Science & Technology: A British Programmer Claims to Have Invented a True Artificial Intelligence. the Net Isn't So Sure. ; We Are All Big Brother. the Only Secrets That Remain Are Those That Aren't on the Web
Charles Arthur On Technology, The Independent (London, England)
WHEN GOOGLE announced its prospective e-mail service a couple of weeks ago (unwisely using the name "Gmail" without having trademarked it), a number of commentators expressed fears about the privacy aspects of having a big company scanning your e-mail for key words against which it could sell ads.
To be honest, I don't understand the concern. For one thing, it's obvious when you sign up that your e-mails are going to be scanned. For another, it's being scanned by a machine, not a human. (Be honest - you didn't think Google had hired every spare programmer to hack out the answers to your personal web query, did you?)
To trump it all, the reality is that wherever you go on the web today, and wherever you've been in the past, if you've made any sort of comment, or even just been commented on in a way that can be identified by others, you'll have been sucked into Google's huge archive of what goes on around the internet. What's more, other people will be able to find out what you've done.
This was illustrated with some force a few weeks ago when a story appeared in New Scientist magazine. It reported that a British programmer, Jim Wightman, had come up with a revolutionary artificial intelligence program that he said would create "bots" that could strike up conversations in chatrooms and spot would-be paedophiles, who would then be reported back to him, who could pass the details on to the police.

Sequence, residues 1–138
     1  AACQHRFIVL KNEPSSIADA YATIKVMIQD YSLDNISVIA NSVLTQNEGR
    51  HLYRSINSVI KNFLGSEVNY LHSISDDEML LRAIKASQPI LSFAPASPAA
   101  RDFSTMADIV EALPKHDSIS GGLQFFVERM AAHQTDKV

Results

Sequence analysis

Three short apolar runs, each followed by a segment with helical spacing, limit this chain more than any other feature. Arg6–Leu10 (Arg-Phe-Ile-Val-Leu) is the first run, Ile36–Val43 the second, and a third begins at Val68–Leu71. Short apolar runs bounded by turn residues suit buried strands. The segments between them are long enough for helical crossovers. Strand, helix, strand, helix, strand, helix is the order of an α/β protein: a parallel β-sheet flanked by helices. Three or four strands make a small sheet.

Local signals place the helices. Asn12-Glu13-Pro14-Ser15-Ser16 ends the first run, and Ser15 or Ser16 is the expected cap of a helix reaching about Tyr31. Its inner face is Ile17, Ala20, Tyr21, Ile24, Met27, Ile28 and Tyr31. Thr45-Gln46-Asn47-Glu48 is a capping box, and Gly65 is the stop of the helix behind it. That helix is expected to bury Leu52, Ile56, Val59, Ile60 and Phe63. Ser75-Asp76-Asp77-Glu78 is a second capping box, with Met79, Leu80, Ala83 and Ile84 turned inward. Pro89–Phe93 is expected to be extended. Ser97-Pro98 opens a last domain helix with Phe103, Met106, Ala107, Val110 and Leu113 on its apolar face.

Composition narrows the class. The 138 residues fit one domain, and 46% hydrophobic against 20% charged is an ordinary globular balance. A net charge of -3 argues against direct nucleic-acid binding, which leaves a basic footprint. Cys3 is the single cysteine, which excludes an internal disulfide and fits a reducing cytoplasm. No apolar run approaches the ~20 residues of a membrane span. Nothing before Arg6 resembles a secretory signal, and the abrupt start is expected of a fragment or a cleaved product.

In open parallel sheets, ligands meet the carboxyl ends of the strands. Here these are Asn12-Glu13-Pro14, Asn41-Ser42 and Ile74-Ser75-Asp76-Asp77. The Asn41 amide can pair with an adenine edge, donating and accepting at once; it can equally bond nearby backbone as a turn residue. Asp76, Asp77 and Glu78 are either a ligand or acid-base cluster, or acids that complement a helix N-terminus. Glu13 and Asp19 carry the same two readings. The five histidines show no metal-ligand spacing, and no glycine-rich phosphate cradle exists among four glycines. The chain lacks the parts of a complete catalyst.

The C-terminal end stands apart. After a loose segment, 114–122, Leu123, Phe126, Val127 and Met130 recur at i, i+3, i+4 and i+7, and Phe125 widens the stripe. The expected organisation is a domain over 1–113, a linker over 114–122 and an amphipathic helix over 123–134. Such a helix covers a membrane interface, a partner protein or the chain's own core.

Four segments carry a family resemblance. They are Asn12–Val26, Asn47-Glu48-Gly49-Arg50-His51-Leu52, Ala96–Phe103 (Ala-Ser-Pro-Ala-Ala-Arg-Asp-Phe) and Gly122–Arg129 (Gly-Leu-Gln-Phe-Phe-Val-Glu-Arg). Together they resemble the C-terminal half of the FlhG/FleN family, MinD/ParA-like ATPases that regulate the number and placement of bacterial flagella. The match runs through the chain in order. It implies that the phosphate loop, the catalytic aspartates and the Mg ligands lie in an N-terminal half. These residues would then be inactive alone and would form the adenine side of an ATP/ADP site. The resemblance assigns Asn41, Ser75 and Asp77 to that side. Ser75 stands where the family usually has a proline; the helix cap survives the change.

The story was widely picked up by other news outlets. (The Independent did not run it.) But within hours of its appearance, folk around the net began stroking their chins and saying "Just a minute..."
Looking at the transcript of a "conversation" in New Scientist, allegedly between one of the "bots" and a chatroom user, many people began to question how a previously unknown programmer could have created what looked to be the biggest leap in artificial intelligence in many decades.
They then began hitting Google for more about the unknown Wightman. He didn't stay unknown for long. The site he had set up to publicise his "bots" provided raw material (an e-mail address, plus his work address via the site's registration details) that could be used to scour Usenet, the thousands of newsgroups, for more details about his past postings. (Google has the complete archive of Usenet postings, going back to the internet's year zero. If you don't want your postings to appear there, you have to put "X-No-Archive" in the headers of your news postings.)
They trawled Google for any hints of things he might have done in the past. This turned up the occasional angry exchange in various newsgroups; a few annoyed exchanges in specialist discussion boards; and a host of schemes that Wightman had been involved with at one time or another.
It also turned up examples of claims he'd made that hadn't been supported by later evidence. Like it or not, Wightman's footprints - or perhaps that should be fingerprints - were all over the web and Usenet. …